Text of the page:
Intellectual Property Law Firm, Toronto Patent Lawyers, Trademarks Attorney, Copyrights Registration

By: Torontobarristers  09-12-2011

Intellectual Property Law Firm, Toronto Patent Lawyers, Trademarks Attorney, Copyrights Registration

What is Intellectual Property?

Intellectual property refers to creations of the mind: inventions, literary and artistic works, and symbols, names, images, and designs used in commerce. Intellectual property is divided into two categories: Industrial property, which includes inventions (patents), trademarks, industrial designs, and geographic indications of source; and Copyright, which includes literary and artistic works such as novels, poems and plays, films, musical works, artistic works such as drawings, paintings, photographs and sculptures, and architectural designs. Rights related to copyright include those of performing artists in their performances, producers of phonograms in their recordings, and those of broadcasters in their radio and television programs.

Authors, artists, inventors and start-ups depend upon their creative works and inventions for survival in this economy. The goal of Opara Law PC is to help you enforce your intellectual property rights.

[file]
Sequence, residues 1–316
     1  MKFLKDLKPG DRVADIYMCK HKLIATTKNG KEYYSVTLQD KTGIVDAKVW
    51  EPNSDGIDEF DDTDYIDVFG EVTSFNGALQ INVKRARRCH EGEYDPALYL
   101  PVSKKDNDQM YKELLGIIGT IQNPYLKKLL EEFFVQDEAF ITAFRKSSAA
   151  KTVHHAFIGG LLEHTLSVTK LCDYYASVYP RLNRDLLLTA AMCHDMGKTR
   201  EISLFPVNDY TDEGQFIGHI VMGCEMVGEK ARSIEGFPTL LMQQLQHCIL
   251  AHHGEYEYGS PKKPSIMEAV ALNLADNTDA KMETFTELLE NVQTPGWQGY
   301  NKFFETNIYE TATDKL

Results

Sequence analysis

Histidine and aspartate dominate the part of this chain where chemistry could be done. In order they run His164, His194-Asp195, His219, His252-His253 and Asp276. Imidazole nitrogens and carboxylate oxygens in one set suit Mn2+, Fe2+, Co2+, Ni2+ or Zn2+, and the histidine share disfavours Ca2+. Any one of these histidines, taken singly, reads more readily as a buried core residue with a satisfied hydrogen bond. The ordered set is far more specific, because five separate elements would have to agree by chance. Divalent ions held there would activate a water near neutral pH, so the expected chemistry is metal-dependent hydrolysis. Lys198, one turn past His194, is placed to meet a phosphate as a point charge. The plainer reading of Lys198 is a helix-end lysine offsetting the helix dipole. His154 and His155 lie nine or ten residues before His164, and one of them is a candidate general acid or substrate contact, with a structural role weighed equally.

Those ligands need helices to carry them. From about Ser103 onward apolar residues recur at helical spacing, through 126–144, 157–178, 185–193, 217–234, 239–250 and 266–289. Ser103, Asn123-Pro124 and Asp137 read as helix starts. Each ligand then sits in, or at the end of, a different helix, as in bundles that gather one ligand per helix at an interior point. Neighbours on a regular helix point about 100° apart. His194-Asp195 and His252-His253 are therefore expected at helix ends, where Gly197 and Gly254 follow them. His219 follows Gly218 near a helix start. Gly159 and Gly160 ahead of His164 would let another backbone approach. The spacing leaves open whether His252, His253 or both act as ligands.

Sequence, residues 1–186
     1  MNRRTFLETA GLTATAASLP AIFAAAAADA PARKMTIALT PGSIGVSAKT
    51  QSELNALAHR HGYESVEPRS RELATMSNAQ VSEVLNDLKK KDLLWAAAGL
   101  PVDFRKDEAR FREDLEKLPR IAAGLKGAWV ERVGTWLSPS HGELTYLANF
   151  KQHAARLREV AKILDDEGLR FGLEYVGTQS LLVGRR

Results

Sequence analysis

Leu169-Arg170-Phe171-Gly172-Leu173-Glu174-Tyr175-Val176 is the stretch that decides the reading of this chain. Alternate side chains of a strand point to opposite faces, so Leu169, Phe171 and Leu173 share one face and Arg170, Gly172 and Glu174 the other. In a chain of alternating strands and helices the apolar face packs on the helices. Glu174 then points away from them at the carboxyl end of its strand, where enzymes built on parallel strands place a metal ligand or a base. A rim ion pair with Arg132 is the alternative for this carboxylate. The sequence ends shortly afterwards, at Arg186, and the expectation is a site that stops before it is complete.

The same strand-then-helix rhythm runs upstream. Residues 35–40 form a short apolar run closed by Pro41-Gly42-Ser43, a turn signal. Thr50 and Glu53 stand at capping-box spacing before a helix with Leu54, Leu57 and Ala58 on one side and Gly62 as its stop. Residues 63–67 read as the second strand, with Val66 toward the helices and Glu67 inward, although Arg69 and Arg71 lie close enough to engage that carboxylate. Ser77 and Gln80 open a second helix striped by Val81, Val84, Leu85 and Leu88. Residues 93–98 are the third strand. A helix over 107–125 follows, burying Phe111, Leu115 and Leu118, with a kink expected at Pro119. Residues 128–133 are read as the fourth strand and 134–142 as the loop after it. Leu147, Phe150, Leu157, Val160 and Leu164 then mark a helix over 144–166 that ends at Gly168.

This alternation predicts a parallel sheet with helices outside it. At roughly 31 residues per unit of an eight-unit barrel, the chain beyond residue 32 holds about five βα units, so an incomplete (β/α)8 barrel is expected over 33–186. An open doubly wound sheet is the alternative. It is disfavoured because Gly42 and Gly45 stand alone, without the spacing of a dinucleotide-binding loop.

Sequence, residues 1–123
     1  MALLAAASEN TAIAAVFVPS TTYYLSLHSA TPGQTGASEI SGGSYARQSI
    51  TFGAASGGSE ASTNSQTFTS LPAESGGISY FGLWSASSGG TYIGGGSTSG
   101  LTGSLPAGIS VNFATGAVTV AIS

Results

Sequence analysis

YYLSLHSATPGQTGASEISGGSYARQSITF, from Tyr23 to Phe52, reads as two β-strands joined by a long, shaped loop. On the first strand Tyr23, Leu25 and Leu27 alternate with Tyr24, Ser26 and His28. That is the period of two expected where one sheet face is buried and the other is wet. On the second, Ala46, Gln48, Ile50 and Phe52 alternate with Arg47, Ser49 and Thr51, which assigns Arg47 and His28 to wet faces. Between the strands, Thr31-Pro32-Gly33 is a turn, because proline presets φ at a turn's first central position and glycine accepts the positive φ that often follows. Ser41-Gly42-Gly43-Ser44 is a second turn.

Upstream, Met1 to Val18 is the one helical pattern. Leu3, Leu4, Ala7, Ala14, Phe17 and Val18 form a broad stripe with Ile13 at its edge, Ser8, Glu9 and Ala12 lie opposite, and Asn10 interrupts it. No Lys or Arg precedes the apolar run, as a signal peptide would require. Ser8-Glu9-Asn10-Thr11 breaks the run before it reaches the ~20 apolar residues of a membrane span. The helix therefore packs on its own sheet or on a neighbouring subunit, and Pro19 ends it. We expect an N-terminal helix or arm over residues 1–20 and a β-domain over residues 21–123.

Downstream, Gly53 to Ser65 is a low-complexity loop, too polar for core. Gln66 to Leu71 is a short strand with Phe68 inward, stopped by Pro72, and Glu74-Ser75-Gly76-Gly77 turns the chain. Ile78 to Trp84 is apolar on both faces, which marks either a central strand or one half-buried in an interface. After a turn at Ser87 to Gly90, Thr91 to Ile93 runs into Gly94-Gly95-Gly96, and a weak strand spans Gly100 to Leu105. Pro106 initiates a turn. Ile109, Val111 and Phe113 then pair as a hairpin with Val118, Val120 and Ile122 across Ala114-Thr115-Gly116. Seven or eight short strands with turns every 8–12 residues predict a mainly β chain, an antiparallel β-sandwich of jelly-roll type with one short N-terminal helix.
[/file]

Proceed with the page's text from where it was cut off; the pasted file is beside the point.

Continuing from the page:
As a Intellectual Property Law Firm Opara Law PC provides legal services in all areas of intellectual property law, including patents, tTrademarks Attorney and copyrights. Our Intellectual Property Group provides comprehensive and specialized advice and legal services in all aspects of domestic and international intellectual property rights, including Patents, Trademarks, Copyrights and Trade Secrets, each of which is briefly explained below.

Our Services Include:
• Patent infringement opinions
• Patent availability and validity opinions
• Patent filing and prosecutions
• Registration of Trademarks and Copyrights
• Acquisition and exploitation of Trademarks and Copyrights
• Protection and enforcement of Trademarks and Copyrights
• Development & securing of goodwill and trade secrets
• Protection of corporate and business names
• Trademark clearance searches & risk analysis
• Protection of logos, label, design and packaging
• Trademark oppositions & cancellation proceedings
• Drafting licensing agreements for transfer of technology

Types of Intellectual Property

Copyright protects various forms of expression, such as text, sound, drama, photographs, drawings, designs, art, software, computer programs etc. Copyright in a work exists automatically within Canada, though some advantages may be obtained by registration of a work, or by providing a copyright notice on the work to the public. In Canada, registration of a Copyright is valid for the life of the author plus 50 years from the registration date shown on the certificate.